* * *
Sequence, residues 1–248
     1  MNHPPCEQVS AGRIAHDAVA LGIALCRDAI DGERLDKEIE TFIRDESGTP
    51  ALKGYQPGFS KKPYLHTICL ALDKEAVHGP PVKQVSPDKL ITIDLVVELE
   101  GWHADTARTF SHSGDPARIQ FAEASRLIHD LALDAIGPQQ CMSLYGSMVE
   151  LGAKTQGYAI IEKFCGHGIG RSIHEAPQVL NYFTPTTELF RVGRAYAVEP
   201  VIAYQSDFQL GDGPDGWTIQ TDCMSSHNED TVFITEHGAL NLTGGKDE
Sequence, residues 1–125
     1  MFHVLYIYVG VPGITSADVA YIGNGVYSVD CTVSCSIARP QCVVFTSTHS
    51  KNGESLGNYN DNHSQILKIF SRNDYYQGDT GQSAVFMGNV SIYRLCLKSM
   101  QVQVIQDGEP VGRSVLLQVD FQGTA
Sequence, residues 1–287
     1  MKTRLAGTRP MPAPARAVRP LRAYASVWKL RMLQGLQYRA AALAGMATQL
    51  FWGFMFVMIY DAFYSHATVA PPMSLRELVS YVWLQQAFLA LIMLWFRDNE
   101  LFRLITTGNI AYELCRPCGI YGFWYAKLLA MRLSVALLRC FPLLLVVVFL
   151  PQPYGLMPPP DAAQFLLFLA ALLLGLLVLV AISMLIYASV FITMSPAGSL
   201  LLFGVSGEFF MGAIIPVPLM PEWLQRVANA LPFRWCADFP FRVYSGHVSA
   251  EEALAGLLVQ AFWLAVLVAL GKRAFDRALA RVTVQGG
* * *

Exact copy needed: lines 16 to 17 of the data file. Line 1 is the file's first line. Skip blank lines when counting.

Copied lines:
   201  LLFGVSGEFF MGAIIPVPLM PEWLQRVANA LPFRWCADFP FRVYSGHVSA
   251  EEALAGLLVQ AFWLAVLVAL GKRAFDRALA RVTVQGG